Physician Thriving: Why vs. Why Not

By Hilary McClafferty, MD, FAAP

In this incredibly busy flu season, have you had the experience of working beside a physician colleague who was having a bad day, week, or month? Perhaps providing a running negative commentary something like this:

“Why is this patient here now?”
“Why don’t they have a primary care doctor?”
“Why didn’t they follow their discharge instructions?”
“Why did they come here and not the trauma center?”
“Why didn’t they fill their prescriptions?”
“Why did they show up at the last minute?”
And so on….

The fact is that this type of relentless negativity (internal or vocalized) is discouraging, exhausting, demoralizing, and contagious. It is also a signature of burnout, especially when it occurs chronically. Although it is easier to spot in others, perhaps the person doing the complaining is actually you?

Are you repeatedly pushing back against the reality of your work experience? Working in a state of perpetual discontent? Consciously or unconsciously resisting your situation, disrespecting your patients, and eroding your own peace of mind while clouding the atmosphere around you with frustration? If so, you are not alone.

If you recognize yourself in this scenario it might be a wake-up call. No one outside of medicine can truly understand the time, energy, and sacrifice you make to simply do your job. No one outside medicine can really be expected to. The reality is that the physician leader sets the tone for the team and may not fully realize the negative impact they may be having on coworkers, themselves, or patients. Your simple presence can be a powerful positive or strongly negative influence.

Maybe energy spent complaining and resisting may be better used in other ways. In fact, the “why” questions are rarely useful in these examples. People come to the doctor because they need help. It is not really more complicated than that. There is no great value in overthinking it. They need help for whatever reason, and you have chosen to be there to help them.

I believe a more useful question may be to ask, “Why not?”

“Why not?” promotes a more realistic awareness and creates a shift in perspective that invites you to remain mindful in the moment, acknowledge the patient’s needs and challenges, and accept their human flaws. “Why not” gives an opportunity to remain open without resentment. It allows you to substitute compassion (awareness paired with a desire to ease suffering) for frustration or exasperation. Compassion practiced well does not deplete, it energizes, and softens the rough edge of potentially difficult interpersonal interactions, helping one recognize the patient’s humanity and remember you chose this work, trained for this service, and are doing your best in a very complex business.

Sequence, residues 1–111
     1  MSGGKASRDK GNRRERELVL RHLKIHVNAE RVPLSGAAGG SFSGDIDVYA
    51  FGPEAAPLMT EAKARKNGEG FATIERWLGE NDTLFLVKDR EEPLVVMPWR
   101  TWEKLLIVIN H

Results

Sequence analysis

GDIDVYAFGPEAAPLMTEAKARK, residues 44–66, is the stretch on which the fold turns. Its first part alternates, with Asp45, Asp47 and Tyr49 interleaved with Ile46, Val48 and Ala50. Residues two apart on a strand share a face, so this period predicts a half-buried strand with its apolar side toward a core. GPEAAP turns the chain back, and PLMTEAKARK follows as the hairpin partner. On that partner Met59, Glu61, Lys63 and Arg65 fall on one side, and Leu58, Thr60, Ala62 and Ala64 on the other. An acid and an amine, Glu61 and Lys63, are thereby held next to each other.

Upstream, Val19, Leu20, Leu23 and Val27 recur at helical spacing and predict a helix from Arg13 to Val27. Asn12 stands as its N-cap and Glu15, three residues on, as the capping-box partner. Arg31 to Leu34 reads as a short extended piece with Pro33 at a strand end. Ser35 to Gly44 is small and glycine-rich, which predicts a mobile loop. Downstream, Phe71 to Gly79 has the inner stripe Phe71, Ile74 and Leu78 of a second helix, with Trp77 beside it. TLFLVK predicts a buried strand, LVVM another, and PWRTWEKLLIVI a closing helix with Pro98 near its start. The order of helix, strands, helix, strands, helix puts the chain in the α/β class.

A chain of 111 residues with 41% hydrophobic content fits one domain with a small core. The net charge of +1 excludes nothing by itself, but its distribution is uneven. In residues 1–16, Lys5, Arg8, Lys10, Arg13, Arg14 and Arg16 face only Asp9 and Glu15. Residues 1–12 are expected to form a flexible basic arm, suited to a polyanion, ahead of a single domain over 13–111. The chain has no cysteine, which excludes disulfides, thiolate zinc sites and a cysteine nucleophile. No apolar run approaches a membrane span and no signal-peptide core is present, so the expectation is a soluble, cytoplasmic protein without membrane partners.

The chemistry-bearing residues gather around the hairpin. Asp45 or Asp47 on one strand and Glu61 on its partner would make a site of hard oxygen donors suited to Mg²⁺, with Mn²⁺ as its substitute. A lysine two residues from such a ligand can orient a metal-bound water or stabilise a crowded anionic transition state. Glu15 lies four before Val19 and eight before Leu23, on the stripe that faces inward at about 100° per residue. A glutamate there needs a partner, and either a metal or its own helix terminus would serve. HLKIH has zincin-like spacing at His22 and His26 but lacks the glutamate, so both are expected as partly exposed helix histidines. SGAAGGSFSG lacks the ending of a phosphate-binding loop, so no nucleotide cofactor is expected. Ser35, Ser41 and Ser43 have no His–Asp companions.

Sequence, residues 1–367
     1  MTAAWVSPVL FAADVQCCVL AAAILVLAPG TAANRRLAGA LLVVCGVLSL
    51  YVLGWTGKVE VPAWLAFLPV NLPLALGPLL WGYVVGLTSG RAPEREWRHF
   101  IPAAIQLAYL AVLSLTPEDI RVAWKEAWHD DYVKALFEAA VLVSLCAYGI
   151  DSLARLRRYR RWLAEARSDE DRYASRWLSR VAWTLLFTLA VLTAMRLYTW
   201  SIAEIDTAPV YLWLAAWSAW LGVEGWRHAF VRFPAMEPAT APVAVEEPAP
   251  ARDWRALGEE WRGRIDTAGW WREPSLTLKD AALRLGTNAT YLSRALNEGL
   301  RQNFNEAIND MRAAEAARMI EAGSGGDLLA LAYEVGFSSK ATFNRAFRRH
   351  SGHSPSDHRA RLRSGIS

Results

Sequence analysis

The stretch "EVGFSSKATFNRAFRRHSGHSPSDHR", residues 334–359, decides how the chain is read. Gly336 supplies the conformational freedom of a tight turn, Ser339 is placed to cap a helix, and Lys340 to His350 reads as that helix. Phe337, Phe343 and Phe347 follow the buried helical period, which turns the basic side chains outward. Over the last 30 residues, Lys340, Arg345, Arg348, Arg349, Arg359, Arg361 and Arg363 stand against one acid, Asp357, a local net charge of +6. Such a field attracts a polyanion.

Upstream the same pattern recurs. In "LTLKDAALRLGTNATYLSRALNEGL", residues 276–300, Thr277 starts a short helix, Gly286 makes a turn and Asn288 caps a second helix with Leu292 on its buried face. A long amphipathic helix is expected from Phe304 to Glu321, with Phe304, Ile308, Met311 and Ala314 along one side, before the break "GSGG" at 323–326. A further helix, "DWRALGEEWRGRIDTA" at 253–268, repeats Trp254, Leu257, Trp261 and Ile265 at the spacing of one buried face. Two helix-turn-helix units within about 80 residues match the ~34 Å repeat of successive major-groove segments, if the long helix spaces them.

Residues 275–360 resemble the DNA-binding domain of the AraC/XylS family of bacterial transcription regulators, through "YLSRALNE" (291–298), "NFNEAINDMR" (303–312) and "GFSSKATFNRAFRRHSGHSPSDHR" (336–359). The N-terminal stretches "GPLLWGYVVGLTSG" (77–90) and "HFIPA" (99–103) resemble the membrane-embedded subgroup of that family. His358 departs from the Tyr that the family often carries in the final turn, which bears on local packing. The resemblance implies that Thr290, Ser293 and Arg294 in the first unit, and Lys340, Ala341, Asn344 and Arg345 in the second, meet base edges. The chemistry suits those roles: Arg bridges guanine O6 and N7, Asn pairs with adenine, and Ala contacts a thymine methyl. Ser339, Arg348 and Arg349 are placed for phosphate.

Recognizing your work attitude can serve as a valuable self-diagnostic tool. If you are teetering on the slope of frustration, at risk of falling into the chronic negative “why” trap, view it a flashing yellow warning for burnout. Shift your focus to your own wellbeing and consider harnessing the power of “why” in a more productive way.

How could a reframe change your behavior in the patient interaction?

“I wonder why that patient is here again? What is really driving their visit?”
“Why were they not able to fill their prescription?”
“Why did they not understand the discharge instructions?”

If you find that exercise hard, naïve, or unpalatable, simply view it as a skill to be practiced.

If you feel cynical about patient motivation or overwhelmed by the sheer volume of humanity seeking care, you are not alone. You may simply be exhausted. Or experiencing some stage of burnout. Of course, it is understood that the burden of care does not rest solely on your shoulders. But many physicians struggle with the perception that they are responsible in unrealistic ways, for everything. It is simply not so. Shifting to a more compassionate interface in the moment does not imply that you are gullible, or can, or will, fix everything.  But it does provide you a healthier and more effective strategy for these interactions.

And to go a step further, I wonder if asking a better question will ultimately provide you a different result? For example:

“Why am I being so negative?”
“Why am I hesitating to address my own needs?”
“Why am I not taking steps to address chronic anger or frustration?”
“Why am I remaining in a job where I am unhappy, disrespected or underappreciated?”

What do you have to lose by trying a new approach and anticipating a better outcome?


Hilary McClafferty, MD, FAAP, is board certified in pediatrics, pediatric emergency medicine, and integrative medicine. She writes and speaks nationally on physician wellbeing, resiliency, and whole physician wellness. She is a member of the International Coach Federation, certified physician coach, certified in Positive Psychology and Well-Being Coaching, and author of two books: Mind-Body Medicine in Clinical Practice and Integrative Pediatrics: Art, Science, and Clinical Application, and editor of three Special Editions on the use of integrative medicine in practice. She is Founding Director of the Pediatric Integrative Medicine in Residency program, University of Arizona, and Medical Director, Pediatric Emergency Medicine at Tucson Medical Center, Tucson, AZ.     Email:     Website:  Twitter: @drmcclafferty

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